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    Literature is one of the best platforms of expression that allows people to acquire and share

    thoughts and emotions. However, in a fast-paced world fuelled by materialism, people have

    forgotten literature and what it has to offer to the world.

    In order to keep the spirit of literature alive, the students and teachers of the Department of

    English of Fergusson College, Pune have revived the association known as The English

    Literary Association. 'The English Literary Association' or The ELA, is an initiative to provide

    everyone with a platform that allows them to share and explore the dimensions of literature

    with other literature aficionados.

    The inaugural function of The English Literary Association was held on 3rd October 2016 . The

    event was conducted by Shrishti Sundaresh who introduced ELA and then passed on the

    podium to Dr. Sujata Bamane, the Head of the Department of English. Dr Bamane welcomed

    all the students and the teachers present at the function. Dr. Chitra Sreedharan, a professor

    from the English Department introduced the chief guest- Mr. Makarand Pandit. Mr. Pandit is a

    technical writer and entrepreneur who was also the first Indian to become the 'associate

    fellow’ of the Society for Technical (STC), based in the USA.

    The students had organised several events; the first one being a short skit titled "Willing

    Suspension of Disbelief." It was conceptualised by Shrishti Sundaresh and the script was

    written by Aparna Bose, Harshita Lalwani, Amala Reddie and Shantanu Manke. The actors

    were Sarthak Pawar, Sukanya Garg, Sarvika Tuli, Meenakshi Menon and Niyamat Sangha.

    The event that followed was a spoken word poetry that was performed by Bappaditya Sarkar

    and Manaswini Venkateshwaran. A dramatic reading of ‘Casabianca’ was then performed by

    Aparna Bose. The highlight of the function was a presentation delivered by the chief guest, Mr.

    Pandit on the topic of content writing opportunities for students. He also enlightened the

    students on the various job opportunities in the field of content writing and its productivity. The

    function was concluded with a vote of thanks by Midhila Muraleedharan.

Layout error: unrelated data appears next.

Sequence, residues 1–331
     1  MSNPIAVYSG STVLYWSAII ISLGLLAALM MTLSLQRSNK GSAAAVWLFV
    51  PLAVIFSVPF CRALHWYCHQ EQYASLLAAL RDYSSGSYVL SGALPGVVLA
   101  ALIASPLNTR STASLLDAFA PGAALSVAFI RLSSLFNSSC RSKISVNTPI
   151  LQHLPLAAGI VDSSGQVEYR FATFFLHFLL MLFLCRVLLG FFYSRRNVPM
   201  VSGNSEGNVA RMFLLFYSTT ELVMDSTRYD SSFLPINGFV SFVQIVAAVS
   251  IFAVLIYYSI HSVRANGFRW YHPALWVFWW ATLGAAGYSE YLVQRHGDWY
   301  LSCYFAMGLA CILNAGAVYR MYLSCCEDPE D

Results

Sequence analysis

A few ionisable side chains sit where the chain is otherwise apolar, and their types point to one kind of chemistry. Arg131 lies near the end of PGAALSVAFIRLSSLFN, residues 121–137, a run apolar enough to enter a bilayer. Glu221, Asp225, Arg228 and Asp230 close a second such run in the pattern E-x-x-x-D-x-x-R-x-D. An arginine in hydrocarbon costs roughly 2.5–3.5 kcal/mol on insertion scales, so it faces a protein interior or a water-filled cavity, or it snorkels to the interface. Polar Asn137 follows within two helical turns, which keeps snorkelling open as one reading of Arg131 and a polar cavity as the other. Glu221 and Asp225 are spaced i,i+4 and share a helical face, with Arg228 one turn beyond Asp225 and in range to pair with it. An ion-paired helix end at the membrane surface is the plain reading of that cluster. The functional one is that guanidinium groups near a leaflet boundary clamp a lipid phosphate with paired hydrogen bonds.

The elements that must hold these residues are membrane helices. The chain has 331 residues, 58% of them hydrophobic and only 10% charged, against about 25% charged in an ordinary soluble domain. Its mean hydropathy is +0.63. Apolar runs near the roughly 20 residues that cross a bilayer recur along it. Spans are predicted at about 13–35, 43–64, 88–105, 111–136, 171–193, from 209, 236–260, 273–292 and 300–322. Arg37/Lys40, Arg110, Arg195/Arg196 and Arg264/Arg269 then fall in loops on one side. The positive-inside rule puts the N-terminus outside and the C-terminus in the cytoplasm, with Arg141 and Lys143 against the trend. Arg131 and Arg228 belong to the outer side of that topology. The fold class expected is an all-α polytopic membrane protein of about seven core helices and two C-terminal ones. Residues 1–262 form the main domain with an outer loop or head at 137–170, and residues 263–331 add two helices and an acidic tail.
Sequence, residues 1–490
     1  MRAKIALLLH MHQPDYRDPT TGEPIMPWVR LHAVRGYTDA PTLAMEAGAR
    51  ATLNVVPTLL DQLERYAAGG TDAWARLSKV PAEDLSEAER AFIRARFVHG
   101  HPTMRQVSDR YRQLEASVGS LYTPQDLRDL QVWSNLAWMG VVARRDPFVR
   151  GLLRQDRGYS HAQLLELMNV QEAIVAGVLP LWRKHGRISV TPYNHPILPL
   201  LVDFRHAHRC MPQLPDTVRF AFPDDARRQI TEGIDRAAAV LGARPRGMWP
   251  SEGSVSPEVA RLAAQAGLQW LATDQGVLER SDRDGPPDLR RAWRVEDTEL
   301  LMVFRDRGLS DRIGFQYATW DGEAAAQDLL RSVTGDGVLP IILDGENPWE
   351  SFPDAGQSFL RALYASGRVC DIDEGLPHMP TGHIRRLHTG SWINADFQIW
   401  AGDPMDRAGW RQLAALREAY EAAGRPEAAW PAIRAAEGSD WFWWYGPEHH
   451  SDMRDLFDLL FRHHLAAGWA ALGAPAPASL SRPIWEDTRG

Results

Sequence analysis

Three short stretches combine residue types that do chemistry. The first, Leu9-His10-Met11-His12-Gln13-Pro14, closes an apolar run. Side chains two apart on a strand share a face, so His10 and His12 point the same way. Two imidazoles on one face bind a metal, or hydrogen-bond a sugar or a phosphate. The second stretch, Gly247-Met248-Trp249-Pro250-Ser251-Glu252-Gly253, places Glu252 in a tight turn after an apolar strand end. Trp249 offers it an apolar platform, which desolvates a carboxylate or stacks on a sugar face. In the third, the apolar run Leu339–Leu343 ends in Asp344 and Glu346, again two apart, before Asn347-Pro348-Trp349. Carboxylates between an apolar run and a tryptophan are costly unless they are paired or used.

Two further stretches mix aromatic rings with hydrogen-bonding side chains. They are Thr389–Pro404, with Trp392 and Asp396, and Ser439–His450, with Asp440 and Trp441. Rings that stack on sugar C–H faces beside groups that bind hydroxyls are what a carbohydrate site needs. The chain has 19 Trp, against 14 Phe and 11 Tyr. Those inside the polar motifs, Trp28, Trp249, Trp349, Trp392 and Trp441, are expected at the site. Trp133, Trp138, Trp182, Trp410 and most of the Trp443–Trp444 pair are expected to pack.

The inaugural function was all in all a grand success and was appreciated by all. The

    experience was indeed enriching and enlightening and we look forward to future events!

    Shreya Dutta




    The first activity organized by the English Literary Association (ELA) after the

    inaugural event was a group screening of the film ‘Dead Poets Society’.

    Shrishti Sundaresh, a student of SYBA English and ELA member, who helped

    organize the screening, finds group screenings to be an interesting method for

    students to communicate their thoughts. She believes that these screenings are

    wonderful learning experiences and are of great importance as a tool of

    enlightenment. According to her, another advantage of group screenings is that the

    movies are open to interpretations and they leave the audience thinking.

    Aparna Bose, a student of SYBA English and an ELA member, proposed the idea

    to screen 'Dead Poets Society'. She chose this movie as it talks about the English

    language and how its scope lies beyond theory and deconstruction. She also feels

    that the movie reminds us about the ‘feel good’ quality of Literature which we, as

    students of English, often tend to forget.

    It turned out to be the perfect choice as the movie had a deep impact on all the

    viewers present. Shyam Hajare, a student of SYBA English, who was a part of the

    committee that screened the movie, felt that it was an excellent film, and Amala

    Reddie, a student of SYBA English and an ELA member, was moved to tears.

    The crowd consisted of not only literature students but also of students belonging

    to other departments. Vedant Patil, a student of SYBA Economics, found that this

    movie was meant for all and not just Literature students as it embraces the idea of

    free thinking and change, which are important regardless of what one pursues

    along the path of education.

    Mayank Agarwal, another SYBA Economics student, was of the opinion that

    students, teachers, and parents alike should watch ‘Dead Poets Society’.

    According to him, the movie sends across an important message which society

    should adopt as a mantra – Seize the moment, do what you ardently desire to do,


    Both Mayank and Vedant claimed it to be a must watch not only because of the